These days the higher end point and shoots are becoming more and more like their SLR brethren, while the lower end SLR’s are dumbing down more and more to become their point and shoot cousins. Either kind of camera will function for you, just know what your needs are so you can make a wise decision before you buy.

There are many many other kinds of cameras that I’ll write about later, including Polaroids, large format, medium format, rangefinders, video cameras, cell phone cameras, toy cameras, 3-D cameras, etc. As long as light is hitting a form of film or a light sensor, it is a camera.

I really hope that these two articles have helped you with your camera decision or helped you understand more about your camera choices. These articles are not perfect and I will be editing them along the way as my knowledge about cameras continues to grow.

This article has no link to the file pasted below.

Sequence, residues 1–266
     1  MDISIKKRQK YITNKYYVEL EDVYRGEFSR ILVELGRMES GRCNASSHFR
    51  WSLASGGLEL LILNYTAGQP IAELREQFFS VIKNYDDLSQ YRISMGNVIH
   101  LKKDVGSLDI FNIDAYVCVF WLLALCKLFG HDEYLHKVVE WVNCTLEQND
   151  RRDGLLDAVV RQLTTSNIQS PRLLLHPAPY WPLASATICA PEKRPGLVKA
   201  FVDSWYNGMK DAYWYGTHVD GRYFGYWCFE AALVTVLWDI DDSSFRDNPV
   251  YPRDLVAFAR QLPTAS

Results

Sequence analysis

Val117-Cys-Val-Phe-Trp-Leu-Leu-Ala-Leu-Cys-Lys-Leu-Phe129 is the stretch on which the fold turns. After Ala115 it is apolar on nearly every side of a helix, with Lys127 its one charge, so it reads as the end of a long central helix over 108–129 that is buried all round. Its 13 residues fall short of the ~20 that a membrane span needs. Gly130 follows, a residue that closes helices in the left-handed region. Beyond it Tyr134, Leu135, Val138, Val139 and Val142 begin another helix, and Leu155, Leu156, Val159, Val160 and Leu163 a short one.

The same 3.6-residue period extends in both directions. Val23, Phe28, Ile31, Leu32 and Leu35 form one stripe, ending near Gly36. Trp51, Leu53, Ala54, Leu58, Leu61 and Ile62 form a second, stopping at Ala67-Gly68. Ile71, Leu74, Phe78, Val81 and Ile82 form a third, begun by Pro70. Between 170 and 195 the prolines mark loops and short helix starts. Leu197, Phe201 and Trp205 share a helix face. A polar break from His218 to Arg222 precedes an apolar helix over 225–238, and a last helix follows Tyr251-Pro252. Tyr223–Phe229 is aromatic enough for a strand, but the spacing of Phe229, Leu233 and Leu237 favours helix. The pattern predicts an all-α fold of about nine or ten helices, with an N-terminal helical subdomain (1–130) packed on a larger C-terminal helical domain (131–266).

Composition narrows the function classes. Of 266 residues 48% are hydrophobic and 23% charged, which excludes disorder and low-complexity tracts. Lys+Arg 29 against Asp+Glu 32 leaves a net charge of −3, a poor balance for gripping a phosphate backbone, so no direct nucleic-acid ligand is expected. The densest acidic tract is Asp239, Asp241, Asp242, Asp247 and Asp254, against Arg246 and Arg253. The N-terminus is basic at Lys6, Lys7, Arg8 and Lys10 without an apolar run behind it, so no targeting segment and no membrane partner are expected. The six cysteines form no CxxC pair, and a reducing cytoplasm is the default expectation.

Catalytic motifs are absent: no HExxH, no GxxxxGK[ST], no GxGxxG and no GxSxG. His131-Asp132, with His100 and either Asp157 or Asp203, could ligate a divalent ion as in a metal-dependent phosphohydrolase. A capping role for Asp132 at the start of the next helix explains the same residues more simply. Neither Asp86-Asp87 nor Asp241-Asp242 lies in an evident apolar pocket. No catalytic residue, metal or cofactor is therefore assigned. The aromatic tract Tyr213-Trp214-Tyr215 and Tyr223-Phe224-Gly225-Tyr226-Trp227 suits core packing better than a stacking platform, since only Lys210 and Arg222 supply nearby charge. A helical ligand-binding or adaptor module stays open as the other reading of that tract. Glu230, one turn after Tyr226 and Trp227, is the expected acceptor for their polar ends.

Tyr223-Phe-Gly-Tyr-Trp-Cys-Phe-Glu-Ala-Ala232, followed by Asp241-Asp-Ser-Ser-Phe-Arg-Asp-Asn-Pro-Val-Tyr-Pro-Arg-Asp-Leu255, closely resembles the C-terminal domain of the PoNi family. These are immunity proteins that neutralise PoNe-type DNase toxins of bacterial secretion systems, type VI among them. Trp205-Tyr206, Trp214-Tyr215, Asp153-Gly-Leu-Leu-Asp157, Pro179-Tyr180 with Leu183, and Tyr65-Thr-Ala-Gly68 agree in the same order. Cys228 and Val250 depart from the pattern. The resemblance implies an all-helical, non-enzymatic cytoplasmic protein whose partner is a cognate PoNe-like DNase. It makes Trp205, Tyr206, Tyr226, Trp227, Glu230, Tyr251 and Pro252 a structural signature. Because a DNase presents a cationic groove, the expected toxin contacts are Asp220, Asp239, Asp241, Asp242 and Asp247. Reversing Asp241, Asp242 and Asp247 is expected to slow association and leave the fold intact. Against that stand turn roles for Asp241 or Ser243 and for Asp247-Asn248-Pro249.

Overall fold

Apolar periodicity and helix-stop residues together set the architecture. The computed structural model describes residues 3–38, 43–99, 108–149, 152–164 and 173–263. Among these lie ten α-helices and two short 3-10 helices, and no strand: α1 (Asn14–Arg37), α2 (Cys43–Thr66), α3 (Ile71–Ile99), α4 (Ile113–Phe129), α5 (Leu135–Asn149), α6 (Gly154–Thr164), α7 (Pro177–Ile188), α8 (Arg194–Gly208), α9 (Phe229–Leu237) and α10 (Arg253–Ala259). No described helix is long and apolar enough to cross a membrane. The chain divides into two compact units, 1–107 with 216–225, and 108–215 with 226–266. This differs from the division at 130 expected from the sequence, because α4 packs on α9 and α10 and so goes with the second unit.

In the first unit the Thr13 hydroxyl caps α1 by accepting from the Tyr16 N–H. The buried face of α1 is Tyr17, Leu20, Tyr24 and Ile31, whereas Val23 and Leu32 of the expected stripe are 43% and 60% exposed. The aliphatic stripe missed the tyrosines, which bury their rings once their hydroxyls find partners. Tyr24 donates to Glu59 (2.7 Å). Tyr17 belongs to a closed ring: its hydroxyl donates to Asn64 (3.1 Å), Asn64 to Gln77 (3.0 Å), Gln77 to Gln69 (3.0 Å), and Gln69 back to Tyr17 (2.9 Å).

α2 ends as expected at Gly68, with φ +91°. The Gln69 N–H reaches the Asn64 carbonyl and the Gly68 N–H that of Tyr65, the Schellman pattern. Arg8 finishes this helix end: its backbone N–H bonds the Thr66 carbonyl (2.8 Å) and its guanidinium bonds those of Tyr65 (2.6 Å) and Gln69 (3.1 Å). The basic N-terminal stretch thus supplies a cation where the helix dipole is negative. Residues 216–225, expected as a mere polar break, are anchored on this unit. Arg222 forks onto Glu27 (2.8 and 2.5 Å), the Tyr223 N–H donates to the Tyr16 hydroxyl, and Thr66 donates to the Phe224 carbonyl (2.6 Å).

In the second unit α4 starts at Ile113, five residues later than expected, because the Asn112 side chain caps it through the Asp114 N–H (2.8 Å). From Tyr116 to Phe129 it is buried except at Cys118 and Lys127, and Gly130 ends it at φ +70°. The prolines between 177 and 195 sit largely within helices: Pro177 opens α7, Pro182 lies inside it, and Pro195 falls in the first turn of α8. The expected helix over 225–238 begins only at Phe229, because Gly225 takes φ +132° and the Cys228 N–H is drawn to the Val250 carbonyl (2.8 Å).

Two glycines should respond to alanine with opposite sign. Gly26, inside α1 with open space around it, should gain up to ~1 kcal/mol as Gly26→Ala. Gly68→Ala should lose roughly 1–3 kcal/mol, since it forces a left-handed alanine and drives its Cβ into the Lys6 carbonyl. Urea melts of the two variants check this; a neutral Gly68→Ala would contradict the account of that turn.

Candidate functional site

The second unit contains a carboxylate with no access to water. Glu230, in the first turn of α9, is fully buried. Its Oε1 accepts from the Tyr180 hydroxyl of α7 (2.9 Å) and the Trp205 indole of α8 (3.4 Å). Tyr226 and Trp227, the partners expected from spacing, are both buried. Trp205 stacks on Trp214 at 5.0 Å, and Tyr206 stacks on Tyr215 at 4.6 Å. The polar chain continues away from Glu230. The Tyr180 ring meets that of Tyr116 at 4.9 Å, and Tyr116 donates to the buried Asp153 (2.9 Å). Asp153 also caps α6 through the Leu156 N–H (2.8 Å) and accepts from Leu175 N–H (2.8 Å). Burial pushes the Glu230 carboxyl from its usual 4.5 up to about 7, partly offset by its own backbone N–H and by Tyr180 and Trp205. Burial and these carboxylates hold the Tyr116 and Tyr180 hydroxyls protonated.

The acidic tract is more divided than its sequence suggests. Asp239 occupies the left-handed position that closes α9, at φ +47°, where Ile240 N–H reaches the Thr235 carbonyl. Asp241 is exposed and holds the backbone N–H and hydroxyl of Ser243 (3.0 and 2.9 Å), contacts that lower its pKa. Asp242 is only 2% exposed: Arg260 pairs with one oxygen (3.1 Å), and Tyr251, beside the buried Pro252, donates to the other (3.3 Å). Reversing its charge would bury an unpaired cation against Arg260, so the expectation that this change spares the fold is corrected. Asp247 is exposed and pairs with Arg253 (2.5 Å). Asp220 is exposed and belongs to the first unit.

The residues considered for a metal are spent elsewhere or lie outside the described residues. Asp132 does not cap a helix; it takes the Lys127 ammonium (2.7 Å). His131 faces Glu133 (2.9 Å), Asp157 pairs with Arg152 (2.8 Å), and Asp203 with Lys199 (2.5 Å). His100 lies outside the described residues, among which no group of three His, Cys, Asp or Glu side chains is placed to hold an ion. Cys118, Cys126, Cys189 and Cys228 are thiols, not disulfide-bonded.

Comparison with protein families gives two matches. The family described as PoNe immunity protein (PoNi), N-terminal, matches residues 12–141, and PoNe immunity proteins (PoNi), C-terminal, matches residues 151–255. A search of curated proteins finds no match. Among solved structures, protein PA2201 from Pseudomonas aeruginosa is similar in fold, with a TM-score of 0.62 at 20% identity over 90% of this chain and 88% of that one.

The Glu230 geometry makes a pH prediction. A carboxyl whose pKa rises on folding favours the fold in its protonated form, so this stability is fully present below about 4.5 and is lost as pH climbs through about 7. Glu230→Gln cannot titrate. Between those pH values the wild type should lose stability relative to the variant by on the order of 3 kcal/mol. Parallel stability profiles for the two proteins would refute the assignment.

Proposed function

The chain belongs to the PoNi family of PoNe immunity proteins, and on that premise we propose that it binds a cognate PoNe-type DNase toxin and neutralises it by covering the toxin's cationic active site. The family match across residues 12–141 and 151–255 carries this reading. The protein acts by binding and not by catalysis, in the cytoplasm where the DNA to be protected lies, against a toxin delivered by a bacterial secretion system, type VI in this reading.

Use the comments section of the blog — If you have noticed any mistakes, please let me know, if you want to debate, let me know as well, we’ll make it public, and a good debate is always good. If you have any questions, don’t hesitate to ask, that’s what I’m here for.

~Chad